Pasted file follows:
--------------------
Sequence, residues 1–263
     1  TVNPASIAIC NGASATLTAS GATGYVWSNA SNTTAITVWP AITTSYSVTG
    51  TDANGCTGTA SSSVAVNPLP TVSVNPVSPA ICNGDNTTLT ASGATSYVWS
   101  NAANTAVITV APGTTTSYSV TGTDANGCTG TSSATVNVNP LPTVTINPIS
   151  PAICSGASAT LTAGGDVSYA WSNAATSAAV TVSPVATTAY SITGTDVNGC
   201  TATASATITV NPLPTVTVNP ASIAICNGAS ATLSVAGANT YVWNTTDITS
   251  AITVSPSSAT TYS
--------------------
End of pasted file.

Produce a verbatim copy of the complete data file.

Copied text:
Sequence, residues 1–263
     1  TVNPASIAIC NGASATLTAS GATGYVWSNA SNTTAITVWP AITTSYSVTG
    51  TDANGCTGTA SSSVAVNPLP TVSVNPVSPA ICNGDNTTLT ASGATSYVWS
   101  NAANTAVITV APGTTTSYSV TGTDANGCTG TSSATVNVNP LPTVTINPIS
   151  PAICSGASAT LTAGGDVSYA WSNAATSAAV TVSPVATTAY SITGTDVNGC
   201  TATASATITV NPLPTVTVNP ASIAICNGAS ATLSVAGANT YVWNTTDITS
   251  AITVSPSSAT TYS